He said the academy has implemented some of the recommendations from the CUE report, "including the expansion of diversity and inclusion training, the establishment of cadet achievement inquiry teams and the collection, review and re-evaluation of cadet data as it relates to student outcomes."

    Santos said the academy also is hiring more personnel for its Office of Inclusion and Diversity.

    Reports of racial discrimination at the academy surfaced in late summer 2017, when a group of minority cadets told The Day racial slurs, ignorant comments and instances of disrespect are common on campus. A few months later, an investigation found that two white cadets harassed one of their black classmates after they changed the desktop background on his computer to the Mississippi state flag, which includes the Confederate battle emblem, and played the song "If the South Woulda Won."

    The New London chapter of the NAACP has received complaints of discrimination from cadets and staff. The group has met with members of Congress about the complaints, which they've declined to describe in detail to avoid outing those who made them.

    The issue is not exclusive to cadets. Data obtained through a Freedom of Information Act request submitted by The Day on July 21, 2017, shows that all 24 incidents reported through the Coast Guard's official discrimination complaint process from 2007 to 2017 came from faculty or staff. All of the incidents resulted in "no finding of discrimination." The majority of the reports were made by women. Most did not provide their race. Of the twelve who did, two identified as black, one identified as Hispanic and the rest identified as white.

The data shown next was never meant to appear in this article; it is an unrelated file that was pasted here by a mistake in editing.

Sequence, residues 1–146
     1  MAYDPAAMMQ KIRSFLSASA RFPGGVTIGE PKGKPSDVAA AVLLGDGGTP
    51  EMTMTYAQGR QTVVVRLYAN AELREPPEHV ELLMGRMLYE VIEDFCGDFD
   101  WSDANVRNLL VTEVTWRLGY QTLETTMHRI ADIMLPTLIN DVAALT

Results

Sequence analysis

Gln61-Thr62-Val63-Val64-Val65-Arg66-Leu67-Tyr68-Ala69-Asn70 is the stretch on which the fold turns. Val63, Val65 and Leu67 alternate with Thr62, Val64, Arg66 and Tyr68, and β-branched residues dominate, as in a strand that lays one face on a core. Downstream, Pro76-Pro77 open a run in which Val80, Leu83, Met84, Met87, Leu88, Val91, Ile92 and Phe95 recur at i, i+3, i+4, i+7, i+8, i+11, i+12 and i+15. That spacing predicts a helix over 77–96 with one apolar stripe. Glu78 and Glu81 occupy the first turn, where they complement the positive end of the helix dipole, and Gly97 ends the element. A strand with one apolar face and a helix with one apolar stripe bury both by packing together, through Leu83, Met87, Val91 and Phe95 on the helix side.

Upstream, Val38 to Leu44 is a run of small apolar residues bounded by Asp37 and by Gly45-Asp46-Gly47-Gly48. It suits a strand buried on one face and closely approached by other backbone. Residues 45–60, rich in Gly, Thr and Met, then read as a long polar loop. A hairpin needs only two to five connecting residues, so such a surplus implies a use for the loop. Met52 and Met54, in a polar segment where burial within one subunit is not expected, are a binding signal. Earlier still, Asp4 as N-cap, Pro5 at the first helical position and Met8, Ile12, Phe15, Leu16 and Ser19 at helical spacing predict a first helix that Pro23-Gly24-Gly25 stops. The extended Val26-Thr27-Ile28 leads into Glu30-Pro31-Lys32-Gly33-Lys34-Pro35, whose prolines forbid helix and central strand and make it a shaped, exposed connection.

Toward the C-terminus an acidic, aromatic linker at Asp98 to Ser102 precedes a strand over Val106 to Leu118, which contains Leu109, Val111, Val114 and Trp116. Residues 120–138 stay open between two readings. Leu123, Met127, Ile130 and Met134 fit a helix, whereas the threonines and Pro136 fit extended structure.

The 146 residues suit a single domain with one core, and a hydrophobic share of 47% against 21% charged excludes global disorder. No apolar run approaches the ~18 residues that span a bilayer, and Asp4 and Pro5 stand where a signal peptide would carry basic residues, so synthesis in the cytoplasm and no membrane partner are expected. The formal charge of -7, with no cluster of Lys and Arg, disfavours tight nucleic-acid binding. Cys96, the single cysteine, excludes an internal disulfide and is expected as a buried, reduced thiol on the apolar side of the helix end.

Data from the same FOI request shows that 14 of the 23 incidents reported through the Coast Guard's official anti-harassment/hate process from 2007 to 2017 came from faculty or staff. Only seven of the 23 incidents were substantiated. The majority of the reports were made by women. Again, most did not provide their race; of the four who did, three identified as African-American and one identified as white.

    In late April 2018, the academy removed the head of its management department after an investigation found that he bullied a subordinate, but allowed him to remain on the permanent teaching staff.